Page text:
In my opinion the best time to start fitness for your retirement years should start in your fifties or sixties. That’s not to say that those who exercise beginning at an early age have it wrong. Starting at any age is great.
The CDC reports that for those aging from 55-64: only 35% exercise, those aging 65-74: 31% 75 and older: 18%. The results were even worse if muscle-strengthening activity was included: 55-64: 17%, 65-74: 16%; 75+: 8%. https://www.cdc.gov/nchs/hus/contents2017.htm?search=Physical_activity/inactivity,
Sure, the reasons are obvious for decreased exercise with age, arthritic pain and increased susceptibility to injury are big ones. But our concept of exercise could conjure images of young people running 5k races, doing vigorous aerobic workouts, or lifting hundreds of pounds. In addition, what motivates people to exercise in their youth may not be as important in retirement years, (e.g. looking in shape, breaking your personal speed record). To add, middle aged and older people may prefer free or low-cost workouts, and hitting the gym may be out of the question.
So, to get around this, starting a different routine that is designed to keep you from hurting your body (in particular your joints and spine), and help you avert the nursing home, and stay healthier in general should be your new goal. Forming good habits to do this then can best be started in your mid-fifties, but again, actually can start any time.
The CDC guidelines recommend 150 minutes of moderate intensity aerobic activity weekly, such as brisk walking, or to save time, 75 minutes of vigorous activity, or a mix of each. This means about 30 minutes a day for five days, which can be done three times daily, ten minutes at a time.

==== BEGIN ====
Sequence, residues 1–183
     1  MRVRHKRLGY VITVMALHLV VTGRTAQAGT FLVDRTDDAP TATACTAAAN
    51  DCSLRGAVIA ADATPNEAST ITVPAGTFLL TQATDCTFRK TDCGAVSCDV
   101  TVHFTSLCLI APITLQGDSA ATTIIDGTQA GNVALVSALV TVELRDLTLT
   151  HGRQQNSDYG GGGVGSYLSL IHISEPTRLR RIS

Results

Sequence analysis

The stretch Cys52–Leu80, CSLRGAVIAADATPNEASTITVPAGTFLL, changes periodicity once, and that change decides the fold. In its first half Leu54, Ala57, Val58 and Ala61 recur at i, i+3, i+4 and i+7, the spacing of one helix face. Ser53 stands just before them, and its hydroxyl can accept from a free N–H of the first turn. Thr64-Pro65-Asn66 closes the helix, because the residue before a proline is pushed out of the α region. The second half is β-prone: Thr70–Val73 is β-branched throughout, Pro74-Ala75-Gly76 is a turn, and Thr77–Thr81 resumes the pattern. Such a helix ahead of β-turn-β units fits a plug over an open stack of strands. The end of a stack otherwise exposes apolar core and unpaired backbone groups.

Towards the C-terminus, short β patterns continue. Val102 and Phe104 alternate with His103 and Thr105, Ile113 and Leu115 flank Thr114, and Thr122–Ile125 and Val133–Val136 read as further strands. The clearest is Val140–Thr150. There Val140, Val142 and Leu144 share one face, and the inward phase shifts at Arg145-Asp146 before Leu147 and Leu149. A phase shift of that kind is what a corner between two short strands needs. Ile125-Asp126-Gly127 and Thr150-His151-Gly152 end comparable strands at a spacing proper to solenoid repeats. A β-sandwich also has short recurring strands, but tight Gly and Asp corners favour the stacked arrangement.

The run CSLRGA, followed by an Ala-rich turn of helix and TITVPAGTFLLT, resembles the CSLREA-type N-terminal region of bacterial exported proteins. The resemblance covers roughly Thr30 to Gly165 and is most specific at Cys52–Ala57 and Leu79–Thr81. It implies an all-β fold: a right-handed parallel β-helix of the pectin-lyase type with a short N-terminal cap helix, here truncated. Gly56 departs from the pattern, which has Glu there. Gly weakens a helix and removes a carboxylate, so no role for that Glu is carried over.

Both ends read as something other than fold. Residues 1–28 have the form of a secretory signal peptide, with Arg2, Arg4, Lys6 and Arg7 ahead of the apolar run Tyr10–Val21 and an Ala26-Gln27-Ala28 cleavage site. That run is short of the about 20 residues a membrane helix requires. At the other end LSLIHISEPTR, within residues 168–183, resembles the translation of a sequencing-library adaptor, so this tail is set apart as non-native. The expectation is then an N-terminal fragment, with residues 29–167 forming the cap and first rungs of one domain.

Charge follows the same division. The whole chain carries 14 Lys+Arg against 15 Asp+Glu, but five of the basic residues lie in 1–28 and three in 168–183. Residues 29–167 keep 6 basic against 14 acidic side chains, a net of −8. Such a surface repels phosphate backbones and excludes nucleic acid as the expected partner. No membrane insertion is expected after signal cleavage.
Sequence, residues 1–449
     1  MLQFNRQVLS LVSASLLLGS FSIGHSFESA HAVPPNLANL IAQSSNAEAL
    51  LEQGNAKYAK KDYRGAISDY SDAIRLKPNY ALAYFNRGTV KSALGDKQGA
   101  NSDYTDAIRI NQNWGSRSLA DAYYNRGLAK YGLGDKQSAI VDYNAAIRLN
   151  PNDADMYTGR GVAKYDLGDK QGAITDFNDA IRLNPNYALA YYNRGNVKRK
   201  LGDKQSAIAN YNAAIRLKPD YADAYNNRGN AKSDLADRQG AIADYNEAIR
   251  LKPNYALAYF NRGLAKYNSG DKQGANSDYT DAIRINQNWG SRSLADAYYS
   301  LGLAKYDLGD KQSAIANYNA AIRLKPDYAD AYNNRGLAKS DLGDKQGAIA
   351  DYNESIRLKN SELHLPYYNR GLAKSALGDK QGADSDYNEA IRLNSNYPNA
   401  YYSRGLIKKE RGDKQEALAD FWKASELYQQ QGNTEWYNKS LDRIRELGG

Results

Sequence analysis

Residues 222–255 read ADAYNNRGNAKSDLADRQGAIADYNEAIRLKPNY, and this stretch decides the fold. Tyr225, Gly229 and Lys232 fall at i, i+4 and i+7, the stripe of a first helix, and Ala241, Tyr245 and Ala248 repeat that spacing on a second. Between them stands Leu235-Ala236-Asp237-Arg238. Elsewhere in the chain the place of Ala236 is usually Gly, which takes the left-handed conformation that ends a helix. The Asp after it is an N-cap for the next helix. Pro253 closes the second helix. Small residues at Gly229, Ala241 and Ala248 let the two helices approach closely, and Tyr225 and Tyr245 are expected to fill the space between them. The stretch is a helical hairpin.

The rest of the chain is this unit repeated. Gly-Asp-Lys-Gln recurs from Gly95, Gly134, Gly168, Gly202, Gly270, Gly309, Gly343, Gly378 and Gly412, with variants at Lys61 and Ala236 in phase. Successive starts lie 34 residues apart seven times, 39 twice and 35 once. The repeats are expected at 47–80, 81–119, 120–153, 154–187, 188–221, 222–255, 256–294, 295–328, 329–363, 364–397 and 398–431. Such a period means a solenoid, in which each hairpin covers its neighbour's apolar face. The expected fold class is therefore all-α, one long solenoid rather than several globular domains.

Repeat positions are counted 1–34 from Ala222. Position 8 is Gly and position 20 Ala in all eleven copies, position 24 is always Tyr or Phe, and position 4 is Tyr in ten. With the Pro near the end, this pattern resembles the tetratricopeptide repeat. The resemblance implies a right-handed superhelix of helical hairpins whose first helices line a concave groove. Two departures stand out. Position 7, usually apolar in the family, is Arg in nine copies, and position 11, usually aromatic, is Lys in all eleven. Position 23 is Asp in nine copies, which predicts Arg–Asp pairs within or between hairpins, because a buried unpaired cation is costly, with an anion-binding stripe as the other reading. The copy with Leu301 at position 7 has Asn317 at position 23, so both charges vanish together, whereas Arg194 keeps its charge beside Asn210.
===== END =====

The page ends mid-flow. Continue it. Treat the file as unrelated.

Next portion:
Muscle strengthening activity twice a week can be done too, in as little as 5-10 minutes at a time, but no guidelines as of yet for this requirement have been set. The CDC has put out a series of free series of muscle strengthening videos you can do at home.
Examples of muscle-strengthening activities include weight lifting, resistance bands, and completely free techniques such as calisthenics, using your own body weight for resistance (e.g. push-ups, pull-ups), shoveling, gardening, stair climbing. The idea is to involve most of the major muscle groups. With resistance training, one set of 10 repetitions is a good goal to start out.
Exercise can reduce the rate of falls, a major contributor of nursing home admissions. We’ll talk more about falls later.
The assumption is that exercise should keep you healthy and young. Is there evidence?
First, study from the National Cancer Institute presented the following data showing how any leisure activity you do can extend your life.
A MET is basically a unit of activity.
- 1 MET is your resting metabolic rate obtained while your are just sitting there.
- 3 METs: walking about 2.5 MPH
- 7 METs: jogging
So if you walk 2.5 MPH for 30 minutes a day, that gives you 3 X .5 X 7 = 10 MET-hr/wk, But the wonderful thing is that not only did you burn calories, you actually gained almost 4 years extra in your life. Not to mention that this will make you healthier in general.
And to reinforce this, people who engage in physical activity for 7 hours per week have a 40 percent lower chance of dying early than people who are active for less than 30 minutes a week.